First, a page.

How Nova Scotia’s Jeff Dahn became a battery big shot

The specifics of Dahn’s research are confidential to protect Tesla’s intellectual property, he said. The aim is to develop a battery that combines a long life span, both chronologically and in charge-discharge cycles; high energy density or power storage; safe operation; and low cost.

“Those are the four things that really matter, and those are the four things we focus on,” Dahn said.

The difficultly is balance. Increasing energy density can shorten the cell’s life span or affect safety or cost.

And cost is subject to price swings in raw materials such as graphite and nickel, Dahn said.

“Eventually, if the cost were to be zero, everybody would be happy. So getting to zero is the hardest thing.”

Why don’t automakers collaborate to develop one battery technology they can all use?

“What you’re saying resonates well with me,” Dahn said, “but it’s just not the way that companies work.”

Not everything Dahn’s team does stays under wraps. While Tesla owns intellectual property produced by the lab, its researchers are allowed to publish their findings once patents are filed.

“That’s really important,” Dahn said, “because if the students couldn’t publish their work, they wouldn’t be noticed, and they would never get jobs.”

Dalhousie is not the only focus of Canadian battery research. Dahn noted work being done at the University of Waterloo, Ont., Western University in London, Ont., and the  University of Calgary. And Hydro Quebec’s “historically incredibly strong” research effort dates back to the 1980s, he said.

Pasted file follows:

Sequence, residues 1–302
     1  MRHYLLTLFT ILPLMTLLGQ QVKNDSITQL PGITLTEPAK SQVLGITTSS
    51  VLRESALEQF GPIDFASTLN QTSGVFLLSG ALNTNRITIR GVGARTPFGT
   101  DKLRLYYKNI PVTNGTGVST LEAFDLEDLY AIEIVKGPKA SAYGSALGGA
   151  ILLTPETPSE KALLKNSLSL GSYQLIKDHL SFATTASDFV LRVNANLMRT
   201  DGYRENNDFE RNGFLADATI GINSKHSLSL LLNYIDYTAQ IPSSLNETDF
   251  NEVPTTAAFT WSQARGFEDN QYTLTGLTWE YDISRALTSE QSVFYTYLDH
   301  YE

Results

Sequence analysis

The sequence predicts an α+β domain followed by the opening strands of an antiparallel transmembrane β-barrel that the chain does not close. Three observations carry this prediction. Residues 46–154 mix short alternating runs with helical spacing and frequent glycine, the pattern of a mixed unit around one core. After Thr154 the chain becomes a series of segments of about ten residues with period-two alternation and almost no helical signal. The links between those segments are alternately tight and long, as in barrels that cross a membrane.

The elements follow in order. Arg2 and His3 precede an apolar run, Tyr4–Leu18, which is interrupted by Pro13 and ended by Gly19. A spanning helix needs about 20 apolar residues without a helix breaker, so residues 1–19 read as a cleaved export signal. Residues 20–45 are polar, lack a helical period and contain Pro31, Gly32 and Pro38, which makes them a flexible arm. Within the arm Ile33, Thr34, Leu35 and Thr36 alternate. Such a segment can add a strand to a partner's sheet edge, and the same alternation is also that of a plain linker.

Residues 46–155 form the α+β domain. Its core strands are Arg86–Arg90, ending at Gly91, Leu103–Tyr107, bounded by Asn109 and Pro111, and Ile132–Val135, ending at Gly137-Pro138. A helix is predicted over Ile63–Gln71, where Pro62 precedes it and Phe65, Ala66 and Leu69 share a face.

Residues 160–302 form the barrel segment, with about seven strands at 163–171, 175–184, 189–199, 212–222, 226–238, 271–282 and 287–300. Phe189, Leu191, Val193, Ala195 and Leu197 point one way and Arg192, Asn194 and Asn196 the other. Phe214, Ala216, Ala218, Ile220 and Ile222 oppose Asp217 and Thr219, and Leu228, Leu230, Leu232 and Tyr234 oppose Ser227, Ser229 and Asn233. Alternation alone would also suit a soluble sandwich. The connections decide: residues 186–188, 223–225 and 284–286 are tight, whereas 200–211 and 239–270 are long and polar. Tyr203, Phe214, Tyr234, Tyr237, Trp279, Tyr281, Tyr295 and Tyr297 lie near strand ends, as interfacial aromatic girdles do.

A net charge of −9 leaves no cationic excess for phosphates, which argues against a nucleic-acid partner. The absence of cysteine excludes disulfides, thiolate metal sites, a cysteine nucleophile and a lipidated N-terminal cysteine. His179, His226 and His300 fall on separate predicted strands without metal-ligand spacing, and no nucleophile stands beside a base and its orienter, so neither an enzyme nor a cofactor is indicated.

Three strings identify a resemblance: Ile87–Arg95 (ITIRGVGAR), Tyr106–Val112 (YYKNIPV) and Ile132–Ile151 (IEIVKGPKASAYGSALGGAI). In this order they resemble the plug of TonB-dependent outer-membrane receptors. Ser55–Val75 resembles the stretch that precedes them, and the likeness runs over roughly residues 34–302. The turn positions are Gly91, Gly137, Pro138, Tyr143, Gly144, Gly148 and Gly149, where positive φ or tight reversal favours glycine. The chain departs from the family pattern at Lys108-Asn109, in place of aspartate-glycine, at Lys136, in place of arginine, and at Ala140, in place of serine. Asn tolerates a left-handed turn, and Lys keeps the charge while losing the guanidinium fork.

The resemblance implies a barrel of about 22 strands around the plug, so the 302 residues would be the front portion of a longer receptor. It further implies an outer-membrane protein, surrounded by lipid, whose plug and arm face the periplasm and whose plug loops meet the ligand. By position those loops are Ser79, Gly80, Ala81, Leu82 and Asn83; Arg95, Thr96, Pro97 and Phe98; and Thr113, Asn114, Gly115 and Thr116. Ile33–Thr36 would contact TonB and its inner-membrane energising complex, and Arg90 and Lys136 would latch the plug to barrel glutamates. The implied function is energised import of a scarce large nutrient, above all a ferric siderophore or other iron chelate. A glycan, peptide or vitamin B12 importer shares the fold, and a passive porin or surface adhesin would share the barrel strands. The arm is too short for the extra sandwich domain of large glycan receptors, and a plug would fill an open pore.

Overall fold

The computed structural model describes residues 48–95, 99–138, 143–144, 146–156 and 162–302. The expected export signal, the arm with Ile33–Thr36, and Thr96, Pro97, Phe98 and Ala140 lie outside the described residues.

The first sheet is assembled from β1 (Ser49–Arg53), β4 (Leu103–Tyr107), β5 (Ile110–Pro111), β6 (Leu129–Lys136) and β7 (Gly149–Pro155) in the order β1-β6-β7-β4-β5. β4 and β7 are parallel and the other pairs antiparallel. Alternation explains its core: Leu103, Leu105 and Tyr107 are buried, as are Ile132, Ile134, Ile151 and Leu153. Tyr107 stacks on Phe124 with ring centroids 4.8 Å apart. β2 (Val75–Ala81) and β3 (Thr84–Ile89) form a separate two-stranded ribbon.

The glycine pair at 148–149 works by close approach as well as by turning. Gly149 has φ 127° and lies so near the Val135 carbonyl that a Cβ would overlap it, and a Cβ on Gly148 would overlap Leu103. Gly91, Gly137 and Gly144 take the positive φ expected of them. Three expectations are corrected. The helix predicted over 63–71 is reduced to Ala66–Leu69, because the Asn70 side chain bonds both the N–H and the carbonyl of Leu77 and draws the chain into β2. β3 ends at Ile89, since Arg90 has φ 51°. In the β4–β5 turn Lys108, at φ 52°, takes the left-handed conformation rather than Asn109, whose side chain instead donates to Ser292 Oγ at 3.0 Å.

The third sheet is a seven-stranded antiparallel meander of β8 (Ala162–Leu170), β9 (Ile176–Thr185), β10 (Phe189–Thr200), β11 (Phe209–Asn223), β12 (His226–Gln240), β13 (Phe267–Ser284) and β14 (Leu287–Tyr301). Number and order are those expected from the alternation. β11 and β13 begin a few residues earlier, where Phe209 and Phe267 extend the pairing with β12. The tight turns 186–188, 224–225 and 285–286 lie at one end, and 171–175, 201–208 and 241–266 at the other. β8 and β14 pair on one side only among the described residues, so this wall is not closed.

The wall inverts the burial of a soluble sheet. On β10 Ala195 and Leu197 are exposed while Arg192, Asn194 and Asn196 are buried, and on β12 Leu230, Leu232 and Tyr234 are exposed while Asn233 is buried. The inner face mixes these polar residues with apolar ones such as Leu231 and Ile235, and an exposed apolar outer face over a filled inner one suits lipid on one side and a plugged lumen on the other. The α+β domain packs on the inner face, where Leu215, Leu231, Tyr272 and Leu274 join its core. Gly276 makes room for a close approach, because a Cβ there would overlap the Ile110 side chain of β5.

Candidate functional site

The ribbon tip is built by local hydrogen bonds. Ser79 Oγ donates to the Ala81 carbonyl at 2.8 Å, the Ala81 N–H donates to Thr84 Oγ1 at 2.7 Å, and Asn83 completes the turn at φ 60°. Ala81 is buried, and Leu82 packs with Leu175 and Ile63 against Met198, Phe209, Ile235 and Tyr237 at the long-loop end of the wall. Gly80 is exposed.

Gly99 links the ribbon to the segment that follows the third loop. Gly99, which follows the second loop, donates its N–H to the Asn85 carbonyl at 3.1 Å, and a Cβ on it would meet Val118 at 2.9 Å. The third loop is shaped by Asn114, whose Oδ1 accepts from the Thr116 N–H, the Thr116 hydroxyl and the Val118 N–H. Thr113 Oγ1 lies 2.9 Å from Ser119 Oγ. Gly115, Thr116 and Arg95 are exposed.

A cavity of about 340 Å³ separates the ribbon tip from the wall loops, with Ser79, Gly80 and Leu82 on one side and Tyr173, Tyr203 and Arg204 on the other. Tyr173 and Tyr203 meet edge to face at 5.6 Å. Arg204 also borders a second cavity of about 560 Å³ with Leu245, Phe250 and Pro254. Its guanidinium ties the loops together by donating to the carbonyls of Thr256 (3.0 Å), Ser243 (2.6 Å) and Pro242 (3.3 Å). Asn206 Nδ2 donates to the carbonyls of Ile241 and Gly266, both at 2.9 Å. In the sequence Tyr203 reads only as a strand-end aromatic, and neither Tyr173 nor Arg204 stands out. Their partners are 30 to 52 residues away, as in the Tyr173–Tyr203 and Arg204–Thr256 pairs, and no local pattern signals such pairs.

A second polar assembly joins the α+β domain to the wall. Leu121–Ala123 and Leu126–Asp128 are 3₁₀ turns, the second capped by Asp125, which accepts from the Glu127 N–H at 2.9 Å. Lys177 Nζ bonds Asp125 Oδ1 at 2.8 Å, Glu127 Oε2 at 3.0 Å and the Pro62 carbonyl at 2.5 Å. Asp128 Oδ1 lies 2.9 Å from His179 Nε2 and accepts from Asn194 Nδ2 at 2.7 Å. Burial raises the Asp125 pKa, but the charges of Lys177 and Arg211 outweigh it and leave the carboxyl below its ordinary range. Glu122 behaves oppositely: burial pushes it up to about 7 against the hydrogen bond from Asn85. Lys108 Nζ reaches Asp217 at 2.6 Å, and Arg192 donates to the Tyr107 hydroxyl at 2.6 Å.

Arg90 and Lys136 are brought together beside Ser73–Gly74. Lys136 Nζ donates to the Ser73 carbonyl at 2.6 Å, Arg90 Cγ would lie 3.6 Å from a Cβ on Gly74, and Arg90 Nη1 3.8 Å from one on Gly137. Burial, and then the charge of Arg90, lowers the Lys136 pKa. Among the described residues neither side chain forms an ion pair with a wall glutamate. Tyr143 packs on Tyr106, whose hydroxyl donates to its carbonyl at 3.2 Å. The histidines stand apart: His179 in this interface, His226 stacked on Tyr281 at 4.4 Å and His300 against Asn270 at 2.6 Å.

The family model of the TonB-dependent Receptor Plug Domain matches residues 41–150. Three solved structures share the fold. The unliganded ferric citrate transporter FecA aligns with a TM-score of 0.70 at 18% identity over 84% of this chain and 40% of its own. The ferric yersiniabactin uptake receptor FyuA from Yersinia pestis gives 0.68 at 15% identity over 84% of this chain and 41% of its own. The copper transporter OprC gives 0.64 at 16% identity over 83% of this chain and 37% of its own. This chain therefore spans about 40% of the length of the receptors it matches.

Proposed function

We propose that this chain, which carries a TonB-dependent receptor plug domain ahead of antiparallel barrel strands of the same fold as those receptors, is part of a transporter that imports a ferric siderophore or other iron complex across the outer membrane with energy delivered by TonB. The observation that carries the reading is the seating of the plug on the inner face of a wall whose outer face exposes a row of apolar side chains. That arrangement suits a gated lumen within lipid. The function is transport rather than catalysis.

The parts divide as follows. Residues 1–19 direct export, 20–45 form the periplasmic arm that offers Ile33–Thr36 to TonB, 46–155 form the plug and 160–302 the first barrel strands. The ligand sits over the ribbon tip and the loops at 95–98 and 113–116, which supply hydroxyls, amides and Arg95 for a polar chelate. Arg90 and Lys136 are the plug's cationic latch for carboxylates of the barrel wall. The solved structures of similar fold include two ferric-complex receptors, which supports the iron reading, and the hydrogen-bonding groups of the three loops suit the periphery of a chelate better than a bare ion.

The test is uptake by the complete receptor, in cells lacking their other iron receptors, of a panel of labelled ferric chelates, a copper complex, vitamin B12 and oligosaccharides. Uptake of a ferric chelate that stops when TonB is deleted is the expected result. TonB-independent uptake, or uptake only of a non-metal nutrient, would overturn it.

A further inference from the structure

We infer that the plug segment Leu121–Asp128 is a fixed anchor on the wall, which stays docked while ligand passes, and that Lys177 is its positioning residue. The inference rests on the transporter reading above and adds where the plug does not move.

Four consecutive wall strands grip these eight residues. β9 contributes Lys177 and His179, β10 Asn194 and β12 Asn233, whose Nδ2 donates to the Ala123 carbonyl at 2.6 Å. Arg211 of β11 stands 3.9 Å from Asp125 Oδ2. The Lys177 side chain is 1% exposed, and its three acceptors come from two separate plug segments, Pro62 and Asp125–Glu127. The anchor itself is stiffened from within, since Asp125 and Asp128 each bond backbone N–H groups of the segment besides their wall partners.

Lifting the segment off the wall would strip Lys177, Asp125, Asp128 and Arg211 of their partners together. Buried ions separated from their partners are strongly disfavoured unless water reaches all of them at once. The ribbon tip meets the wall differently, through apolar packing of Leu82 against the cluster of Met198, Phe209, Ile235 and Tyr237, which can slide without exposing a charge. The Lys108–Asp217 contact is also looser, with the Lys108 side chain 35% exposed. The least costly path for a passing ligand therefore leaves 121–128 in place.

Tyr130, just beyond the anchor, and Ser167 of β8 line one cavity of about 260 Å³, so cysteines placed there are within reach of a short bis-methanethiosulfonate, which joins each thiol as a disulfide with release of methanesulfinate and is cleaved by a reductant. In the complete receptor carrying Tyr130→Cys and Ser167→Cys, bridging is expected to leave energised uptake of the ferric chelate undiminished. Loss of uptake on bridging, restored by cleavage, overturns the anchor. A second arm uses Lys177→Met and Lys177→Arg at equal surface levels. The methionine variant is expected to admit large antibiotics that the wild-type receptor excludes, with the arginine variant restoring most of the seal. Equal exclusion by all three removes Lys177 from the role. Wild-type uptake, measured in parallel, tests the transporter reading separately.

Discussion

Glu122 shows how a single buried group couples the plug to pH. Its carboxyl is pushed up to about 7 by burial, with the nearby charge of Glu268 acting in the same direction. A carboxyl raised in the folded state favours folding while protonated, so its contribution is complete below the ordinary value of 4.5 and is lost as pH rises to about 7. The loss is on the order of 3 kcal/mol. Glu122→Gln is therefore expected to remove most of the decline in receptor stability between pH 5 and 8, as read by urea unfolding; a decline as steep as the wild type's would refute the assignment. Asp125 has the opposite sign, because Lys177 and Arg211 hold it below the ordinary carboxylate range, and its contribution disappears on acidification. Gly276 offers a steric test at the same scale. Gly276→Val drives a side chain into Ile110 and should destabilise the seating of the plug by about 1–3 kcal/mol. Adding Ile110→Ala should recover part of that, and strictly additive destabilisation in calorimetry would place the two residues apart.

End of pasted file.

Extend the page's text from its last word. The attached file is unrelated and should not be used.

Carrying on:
Efforts to develop and produce batteries in Canada have accelerated.

“My students are getting job offers when they’re a year away from graduation,” Dahn said. “Some companies are saying, ‘We’ll put you on salary now as long as you’re to come to us when you graduate.’ ”

Canada has the components for a robust battery sector, Dahn said. It has the raw materials and the intellectual resources.

Governments chasing greenhouse-gas goals are motivated to offer incentives to attract production.

“We have everything that’s needed,” Dahn said. “We have the brains, we have the cheap power, we have the raw materials.”

But he’s realistic. Other countries have the same goals. And new companies are sprouting up everywhere, propelled by risk-taking entrepreneurs, who historically are not thick on the ground in Canada.

“We’re not a big country, and to think that we would be pulling above our weight per capita might be a little bit crazy. But at least we should pull at our per-capita weight.” Dahn, who came to Nova Scotia from Connecticut with his family as a teen, said other institutions have tried to lure him away from Dalhousie, but his roots in the province are deep; his siblings and children are all there, he said.

“I will never move.”

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